By Cathy Zhang
Open enrollment for the health insurance marketplace begins on November 1.
Among the options available to consumers will be short-term, limited-duration insurance (STLDI), also known as junk insurance plans. The Trump administration facilitated the proliferation of these cheap, underprotective plans in an attempt to undermine the marketplace, and the Biden administration has yet to reverse that policy.
As part of the Biden administration’s public effort “to restore and strengthen Americans’ access to quality, affordable health care,” the administration needs to take executive action to protect consumers and eliminate junk plans.
What Exactly are Junk Plans?
What makes STLDI plans unique is that they are not subject to the ACA’s individual market reforms, including minimum coverage of essential health benefits, cost-sharing limits, and protections against rescinding coverage and denial of coverage based on pre-existing conditions. This enables insurers to offer cheap plans with extremely low levels of coverage that inadequately protect consumers, hence the term “junk plans.” It also means that insurers can cherry-pick the healthiest consumers in the market by turning away consumers with pre-existing conditions and rescinding coverage for individuals who become extremely sick.
This can come at a shockingly high cost to consumers. Numerous individuals have been faced with uncovered medical bills as high as tens of thousands of dollars while on STLDI. One patient who received a routine appendectomy was left with a $33,600 bill to pay on his own after his STLDI paid only $1,682.
Today, the risk of contracting COVID-19 and needing costly care adds to the urgency of protecting consumers from STLDI.
What the Trump Rule Did
Historically, STLDI was meant to fill temporary gaps in coverage, such as when an individual is moving between jobs and doesn’t have employer-sponsored insurance.
Before the Obama administration, STLDI was limited to plans that ran for less than 12 months. However, in 2016 regulators identified that insurers were selling “short-term” 364-day plans that were exempt from market reforms, but were being used as primary insurance. In addition to underinsuring consumers, these plans were distorting the risk pool for the rest of the market. By luring healthy individuals into cheap, underprotective plans, STLDI left regular ACA-compliant plans with disproportionately costly risk pools.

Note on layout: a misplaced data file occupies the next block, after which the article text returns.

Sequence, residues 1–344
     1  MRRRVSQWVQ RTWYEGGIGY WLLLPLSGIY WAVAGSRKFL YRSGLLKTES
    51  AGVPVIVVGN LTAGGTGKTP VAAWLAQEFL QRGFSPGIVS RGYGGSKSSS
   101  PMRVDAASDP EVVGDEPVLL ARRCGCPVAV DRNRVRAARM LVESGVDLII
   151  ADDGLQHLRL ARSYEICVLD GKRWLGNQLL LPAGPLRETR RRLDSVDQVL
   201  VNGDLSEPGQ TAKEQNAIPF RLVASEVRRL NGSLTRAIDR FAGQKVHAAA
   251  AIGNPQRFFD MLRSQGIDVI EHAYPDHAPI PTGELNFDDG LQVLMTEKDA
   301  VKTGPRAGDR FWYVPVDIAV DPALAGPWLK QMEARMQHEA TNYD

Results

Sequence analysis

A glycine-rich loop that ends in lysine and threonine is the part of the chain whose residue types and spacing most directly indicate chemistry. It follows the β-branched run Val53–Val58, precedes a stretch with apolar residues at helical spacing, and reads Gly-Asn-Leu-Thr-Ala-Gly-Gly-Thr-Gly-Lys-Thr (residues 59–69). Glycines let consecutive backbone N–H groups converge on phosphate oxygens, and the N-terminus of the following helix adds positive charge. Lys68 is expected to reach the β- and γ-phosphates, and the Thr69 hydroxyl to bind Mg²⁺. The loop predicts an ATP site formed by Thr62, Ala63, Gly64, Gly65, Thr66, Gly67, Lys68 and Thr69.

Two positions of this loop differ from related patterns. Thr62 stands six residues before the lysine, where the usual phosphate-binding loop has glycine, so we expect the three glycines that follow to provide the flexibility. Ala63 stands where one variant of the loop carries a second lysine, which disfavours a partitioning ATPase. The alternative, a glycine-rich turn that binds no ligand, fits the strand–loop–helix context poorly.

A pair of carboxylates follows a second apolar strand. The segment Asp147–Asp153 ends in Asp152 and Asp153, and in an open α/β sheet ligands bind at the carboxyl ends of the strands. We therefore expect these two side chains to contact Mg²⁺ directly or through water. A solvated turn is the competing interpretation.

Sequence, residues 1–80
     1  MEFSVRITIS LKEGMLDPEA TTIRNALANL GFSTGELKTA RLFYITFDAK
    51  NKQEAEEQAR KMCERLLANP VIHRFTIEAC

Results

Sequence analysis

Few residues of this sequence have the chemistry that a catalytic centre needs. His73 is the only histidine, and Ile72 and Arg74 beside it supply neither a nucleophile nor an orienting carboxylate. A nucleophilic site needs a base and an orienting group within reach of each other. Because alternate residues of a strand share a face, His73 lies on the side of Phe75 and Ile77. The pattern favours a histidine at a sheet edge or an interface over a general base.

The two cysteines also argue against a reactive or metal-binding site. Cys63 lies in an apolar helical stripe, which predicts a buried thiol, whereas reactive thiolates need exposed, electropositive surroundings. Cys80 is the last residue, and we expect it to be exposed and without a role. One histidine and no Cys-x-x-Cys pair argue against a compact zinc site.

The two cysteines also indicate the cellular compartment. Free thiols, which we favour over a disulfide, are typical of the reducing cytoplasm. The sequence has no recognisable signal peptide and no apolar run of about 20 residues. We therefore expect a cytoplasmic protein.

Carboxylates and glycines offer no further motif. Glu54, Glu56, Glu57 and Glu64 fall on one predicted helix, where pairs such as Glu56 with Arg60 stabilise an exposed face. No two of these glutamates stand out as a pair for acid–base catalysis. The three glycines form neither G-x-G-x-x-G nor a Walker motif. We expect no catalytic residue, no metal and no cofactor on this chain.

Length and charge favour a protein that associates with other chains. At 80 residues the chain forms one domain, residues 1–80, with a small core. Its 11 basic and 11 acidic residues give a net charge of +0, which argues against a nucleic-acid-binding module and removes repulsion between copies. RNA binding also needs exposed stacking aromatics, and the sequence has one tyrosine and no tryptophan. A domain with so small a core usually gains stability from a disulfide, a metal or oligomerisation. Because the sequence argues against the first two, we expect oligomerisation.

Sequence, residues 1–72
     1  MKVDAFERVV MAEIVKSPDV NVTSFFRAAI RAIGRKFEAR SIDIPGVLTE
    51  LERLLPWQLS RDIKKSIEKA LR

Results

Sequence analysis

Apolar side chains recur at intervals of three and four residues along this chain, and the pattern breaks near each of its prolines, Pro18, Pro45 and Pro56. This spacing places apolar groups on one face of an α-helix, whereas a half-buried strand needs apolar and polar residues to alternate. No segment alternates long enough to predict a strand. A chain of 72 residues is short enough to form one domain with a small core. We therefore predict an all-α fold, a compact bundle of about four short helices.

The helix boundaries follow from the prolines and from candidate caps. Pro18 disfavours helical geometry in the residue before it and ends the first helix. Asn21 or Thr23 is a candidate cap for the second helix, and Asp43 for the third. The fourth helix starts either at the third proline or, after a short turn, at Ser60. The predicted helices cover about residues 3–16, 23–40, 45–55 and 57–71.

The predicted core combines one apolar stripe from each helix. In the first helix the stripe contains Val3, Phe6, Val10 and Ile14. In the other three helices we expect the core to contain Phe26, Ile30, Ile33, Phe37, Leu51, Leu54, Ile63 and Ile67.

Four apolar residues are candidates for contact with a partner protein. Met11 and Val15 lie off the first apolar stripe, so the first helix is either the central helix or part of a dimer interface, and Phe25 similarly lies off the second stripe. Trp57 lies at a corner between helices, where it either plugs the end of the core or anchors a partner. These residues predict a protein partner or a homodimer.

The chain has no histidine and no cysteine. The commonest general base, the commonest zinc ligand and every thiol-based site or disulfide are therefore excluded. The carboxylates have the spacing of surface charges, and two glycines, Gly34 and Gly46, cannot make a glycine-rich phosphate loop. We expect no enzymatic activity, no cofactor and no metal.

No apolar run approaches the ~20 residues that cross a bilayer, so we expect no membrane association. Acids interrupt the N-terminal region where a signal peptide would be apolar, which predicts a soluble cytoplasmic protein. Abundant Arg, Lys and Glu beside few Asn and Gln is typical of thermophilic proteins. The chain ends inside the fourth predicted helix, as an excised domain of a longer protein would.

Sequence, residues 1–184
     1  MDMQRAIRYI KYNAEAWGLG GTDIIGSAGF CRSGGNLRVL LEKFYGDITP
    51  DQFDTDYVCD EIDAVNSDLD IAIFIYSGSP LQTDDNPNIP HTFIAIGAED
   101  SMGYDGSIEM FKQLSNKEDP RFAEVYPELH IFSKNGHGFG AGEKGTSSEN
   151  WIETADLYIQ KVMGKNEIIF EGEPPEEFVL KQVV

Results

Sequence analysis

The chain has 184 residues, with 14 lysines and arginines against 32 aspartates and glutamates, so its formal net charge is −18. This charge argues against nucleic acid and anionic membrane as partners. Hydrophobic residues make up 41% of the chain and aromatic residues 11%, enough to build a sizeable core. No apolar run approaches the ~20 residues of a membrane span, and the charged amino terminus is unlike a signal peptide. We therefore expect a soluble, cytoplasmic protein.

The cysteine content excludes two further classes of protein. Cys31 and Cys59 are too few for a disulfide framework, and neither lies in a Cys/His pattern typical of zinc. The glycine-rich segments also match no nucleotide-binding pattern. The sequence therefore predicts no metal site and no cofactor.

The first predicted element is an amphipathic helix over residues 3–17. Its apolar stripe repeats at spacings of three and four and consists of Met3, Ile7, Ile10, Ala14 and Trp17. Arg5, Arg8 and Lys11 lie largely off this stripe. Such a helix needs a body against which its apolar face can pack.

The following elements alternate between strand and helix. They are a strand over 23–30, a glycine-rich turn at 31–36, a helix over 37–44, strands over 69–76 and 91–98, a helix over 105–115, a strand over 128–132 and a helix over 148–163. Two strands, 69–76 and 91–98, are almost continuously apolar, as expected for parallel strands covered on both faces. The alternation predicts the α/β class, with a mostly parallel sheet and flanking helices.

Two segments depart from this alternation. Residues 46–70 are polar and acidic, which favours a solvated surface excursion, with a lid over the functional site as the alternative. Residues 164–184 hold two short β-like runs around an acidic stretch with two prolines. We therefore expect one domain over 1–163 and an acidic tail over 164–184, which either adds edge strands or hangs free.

In an effort to protect consumers from relying on STLDI for primary coverage and to stabilize the market, the Obama administration shortened the length of time for STLDI from under 12 months to 90 days.
In 2018, the Trump administration not only reversed the Obama-era rule, but actively promoted STLDI in a final rule that extends the limit for plans back to 364 days and allows consumers to renew the plans to extend up to three years. Rather than serving as a backstop for coverage gaps, the 2018 rule promoted the use STLDI as primary coverage, once again putting consumers at greater risk of unexpectedly high health bills.
On top of this, in 2019 the Trump administration required health insurance navigators to promote STLDI as a condition for federal funding. The apparent intended effect was to actively undermine the rest of the market, which was ACA-compliant, by diverting healthy, lower-cost consumers to STLDI.
What Biden Has Done
So far, the Biden administration has not made any moves to reverse the 2018 Trump rule or eliminate STLDI, though some of the administration’s rulemaking seems to reflect an understanding that STLDI is not on par with traditional coverage.
In September, the administration issued a final rule that revises the guardrails for states seeking to waive certain ACA requirements under Section 1332 of the Affordable Care Act. For one of the guardrails, which requires state waivers to provide comparable levels of coverage, STLDI no longer counts as “coverage.”
And a recent proposed rule suggests a requirement that insurers offering STLDI disclose any direct or indirect compensation given to an agent or broker for enrolling individuals. However, the proposed rule does not actually limit insurers from paying brokers to enroll people in STLDI.
Health care interest groups have urged President Biden to reverse the Trump-era rule on STDLI, but for now, not-so-short-term junk plans remain on the market.